Here’s Why Long-Haul Narrowbody Aircraft Are On The Rise

Industry figures show that long haul narrowbody aircraft are becoming increasingly popular with airlines. There are several reasons why this shift in approach among carriers is occurring, and one is the sheer growth in air traffic. Indeed, the International Civil Aviation Organization reported that passenger numbers have more than doubled over the last 20 years, from 1.467 billion in 1998 to 3.979 billion in 2017.

The A321 has proved to be highly popular. Photo: Airbus.

This rapid growth in air transportation has challenged the industry to find new solutions to the ongoing challenge of meeting passenger demand while delivering increased efficiency in a hugely competitive marketplace. This has led to the development of aircraft such as the Airbus A321neoLR and the Boeing 737 MAX.

Range and efficiency

These narrowbody aircraft offer increased range and efficiency, which makes it possible for them to compete in a market that had previously been dominated by widebody jetliners. The A321LR has a range of 7,400 kilometers, while the 737 MAX is also capable of reaching similar distances.

It was previously only possible for widebody aircraft to travel such distances, but the competitiveness of these new narrowbody aircraft on long haul routes has been a gamechanger. According to International Air Transport Association figures, each new generation of aircraft is capable of approximately 20% enhanced fuel efficiency, and this has meant that narrowbody planes have become particularly viable for long-distance routes.

For example, the A321 classic is deemed to deliver a 10% cost reduction compared to the A320 generation, while the A321neo goes a step further, and delivers a 20% cost reduction. This not only saves airlines money, it also contributes to the environmental ethos of carriers, helping them to be more ecologically-friendly, and creating positive brand sentiment with customers.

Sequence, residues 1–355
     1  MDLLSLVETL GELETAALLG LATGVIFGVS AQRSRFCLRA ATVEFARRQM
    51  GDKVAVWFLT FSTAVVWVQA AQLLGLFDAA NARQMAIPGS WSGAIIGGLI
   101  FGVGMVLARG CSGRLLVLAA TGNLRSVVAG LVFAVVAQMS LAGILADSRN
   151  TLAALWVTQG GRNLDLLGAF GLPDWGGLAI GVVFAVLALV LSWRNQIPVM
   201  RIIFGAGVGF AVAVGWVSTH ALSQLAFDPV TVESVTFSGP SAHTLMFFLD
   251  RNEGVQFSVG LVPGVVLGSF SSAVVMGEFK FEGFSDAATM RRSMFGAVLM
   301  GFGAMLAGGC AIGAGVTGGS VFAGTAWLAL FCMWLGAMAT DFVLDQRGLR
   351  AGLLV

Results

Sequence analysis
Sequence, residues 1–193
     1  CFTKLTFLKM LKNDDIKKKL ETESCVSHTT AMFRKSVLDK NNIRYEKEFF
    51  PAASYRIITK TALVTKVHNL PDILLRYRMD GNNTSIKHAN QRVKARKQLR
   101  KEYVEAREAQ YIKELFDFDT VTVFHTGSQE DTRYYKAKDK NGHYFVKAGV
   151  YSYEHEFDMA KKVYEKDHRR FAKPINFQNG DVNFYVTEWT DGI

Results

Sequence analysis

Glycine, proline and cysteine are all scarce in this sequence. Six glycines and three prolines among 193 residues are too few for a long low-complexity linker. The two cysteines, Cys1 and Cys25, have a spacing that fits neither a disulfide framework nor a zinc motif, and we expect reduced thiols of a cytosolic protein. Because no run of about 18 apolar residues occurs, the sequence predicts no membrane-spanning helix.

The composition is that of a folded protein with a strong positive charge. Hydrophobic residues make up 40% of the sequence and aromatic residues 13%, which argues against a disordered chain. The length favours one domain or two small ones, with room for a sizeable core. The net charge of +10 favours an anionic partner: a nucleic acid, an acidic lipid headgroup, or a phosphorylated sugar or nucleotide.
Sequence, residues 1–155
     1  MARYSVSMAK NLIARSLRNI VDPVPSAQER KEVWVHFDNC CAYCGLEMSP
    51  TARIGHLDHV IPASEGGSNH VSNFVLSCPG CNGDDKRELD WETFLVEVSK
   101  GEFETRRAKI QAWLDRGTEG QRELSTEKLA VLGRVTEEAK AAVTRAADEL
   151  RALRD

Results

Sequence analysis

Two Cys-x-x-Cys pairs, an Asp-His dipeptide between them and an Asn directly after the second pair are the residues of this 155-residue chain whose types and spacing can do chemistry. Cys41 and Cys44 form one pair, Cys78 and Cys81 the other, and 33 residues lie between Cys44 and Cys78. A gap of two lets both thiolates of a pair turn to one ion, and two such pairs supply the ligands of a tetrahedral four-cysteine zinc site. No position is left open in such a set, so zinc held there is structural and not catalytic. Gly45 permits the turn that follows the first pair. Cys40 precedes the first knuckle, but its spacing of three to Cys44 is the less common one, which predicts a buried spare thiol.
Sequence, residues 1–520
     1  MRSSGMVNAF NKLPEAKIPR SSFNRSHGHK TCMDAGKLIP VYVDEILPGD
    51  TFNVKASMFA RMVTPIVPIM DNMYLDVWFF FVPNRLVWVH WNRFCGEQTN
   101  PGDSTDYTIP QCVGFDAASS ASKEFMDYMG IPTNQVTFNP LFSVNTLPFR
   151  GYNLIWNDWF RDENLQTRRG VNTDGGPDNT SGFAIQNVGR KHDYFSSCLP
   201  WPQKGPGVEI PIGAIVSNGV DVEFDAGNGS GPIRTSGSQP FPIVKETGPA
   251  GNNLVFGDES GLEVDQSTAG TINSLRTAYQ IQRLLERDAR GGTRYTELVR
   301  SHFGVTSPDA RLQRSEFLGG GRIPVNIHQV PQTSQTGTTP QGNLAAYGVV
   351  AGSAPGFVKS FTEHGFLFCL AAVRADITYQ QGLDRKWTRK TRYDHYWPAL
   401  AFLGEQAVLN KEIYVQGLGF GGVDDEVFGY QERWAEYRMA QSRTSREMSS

Boeing has also sold a large number of its 737 MAX. Photo: Boeing.

Lowest fuel burn

Again, the A321neo is a highly regarded aircraft in this respect, featuring the lowest fuel burn in its class, while it is also noted as being significantly less noisy than some other aircraft. Executives in the airline industry have noted that consumers are increasingly environmentally aware and sensitive, and brands are trying to respond to this, while also taking their responsibilities seriously.

The low fuel consumption of narrowbody aircraft can also lead to cost savings, which can then be passed on to customers with lower fares. Again, this is essential in the hugely competitive airline marketplace, in which consumers are increasingly savvy when it comes to acquiring the lowest airfares available.

Rapid popularity

And airline manufacturers have quickly caught on to this popularity, with Airbus having already put plans in place to produce around 60 A320neo series jets per month, and Boeing also committing to a similar number of 737MAX aircraft.

The A220 series has also been hugely popular for Airbus, with the aircraft generally being regarded as a game-changer. The A220 achieves a range of 3,700 miles, while also being notable for its low operating costs. The A321XLR has also been highly significant for the aircraft manufacturer, delivering a massive 4,7000-mile range, 15% more than the preceding A321LR. This innovative jetliner makes it possible for airlines to operate single-aisle aircraft on longer routes.

The A220 series is also attracting many orders from carriers. Photo: Airbus.

Both manufacturers have attracted thousands of orders for these two hugely popular narrowbody planes and, considering the advantages of these jets, this trend seems set to continue. Indeed, data from Forbes suggests that growth in narrowbody aircraft will continue, meaning that more will have been delivered in the 14 years between 2010 and 2024 than in the half a century from 1958 to 2009.

1
Leave a Reply

1 Comment threads
0 Thread replies
0 Followers
 
Most reacted comment
Hottest comment thread
1 Comment authors
newest oldest most voted
Fitz

No matter how Boeing puts it, they shot themselves on the foot by ending production of the 757 and not working on a replacement for it. Today, by using the technology developed for the 787 dreamliner, they can still build a replacement and succeed with it. Airlines have been asking them for it.